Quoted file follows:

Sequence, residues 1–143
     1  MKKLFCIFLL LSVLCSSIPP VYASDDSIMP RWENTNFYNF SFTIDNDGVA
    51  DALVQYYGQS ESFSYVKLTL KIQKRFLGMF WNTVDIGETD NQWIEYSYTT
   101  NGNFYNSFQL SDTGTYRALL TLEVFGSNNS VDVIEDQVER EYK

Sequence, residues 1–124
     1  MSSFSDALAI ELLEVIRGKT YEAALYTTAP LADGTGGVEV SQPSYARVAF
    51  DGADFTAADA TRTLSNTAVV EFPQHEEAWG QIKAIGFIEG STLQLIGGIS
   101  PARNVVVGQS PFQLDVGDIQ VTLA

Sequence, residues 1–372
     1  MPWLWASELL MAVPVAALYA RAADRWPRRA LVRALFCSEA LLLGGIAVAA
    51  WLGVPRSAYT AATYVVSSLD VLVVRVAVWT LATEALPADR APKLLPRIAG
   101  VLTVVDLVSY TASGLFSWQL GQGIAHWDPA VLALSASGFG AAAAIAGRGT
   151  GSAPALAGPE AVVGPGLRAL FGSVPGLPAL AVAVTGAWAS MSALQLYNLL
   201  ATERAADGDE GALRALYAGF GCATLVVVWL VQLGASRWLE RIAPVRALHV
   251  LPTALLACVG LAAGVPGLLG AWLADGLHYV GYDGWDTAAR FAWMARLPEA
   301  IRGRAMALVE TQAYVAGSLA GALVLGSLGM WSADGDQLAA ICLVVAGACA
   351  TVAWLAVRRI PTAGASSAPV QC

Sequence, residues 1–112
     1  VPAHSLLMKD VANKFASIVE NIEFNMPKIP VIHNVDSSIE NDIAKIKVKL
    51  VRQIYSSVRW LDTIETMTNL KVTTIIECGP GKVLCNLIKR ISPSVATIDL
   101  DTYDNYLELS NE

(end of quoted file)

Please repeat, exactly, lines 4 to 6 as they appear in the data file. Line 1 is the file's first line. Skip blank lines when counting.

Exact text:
   101  NGNFYNSFQL SDTGTYRALL TLEVFGSNNS VDVIEDQVER EYK

Sequence, residues 1–124
     1  MSSFSDALAI ELLEVIRGKT YEAALYTTAP LADGTGGVEV SQPSYARVAF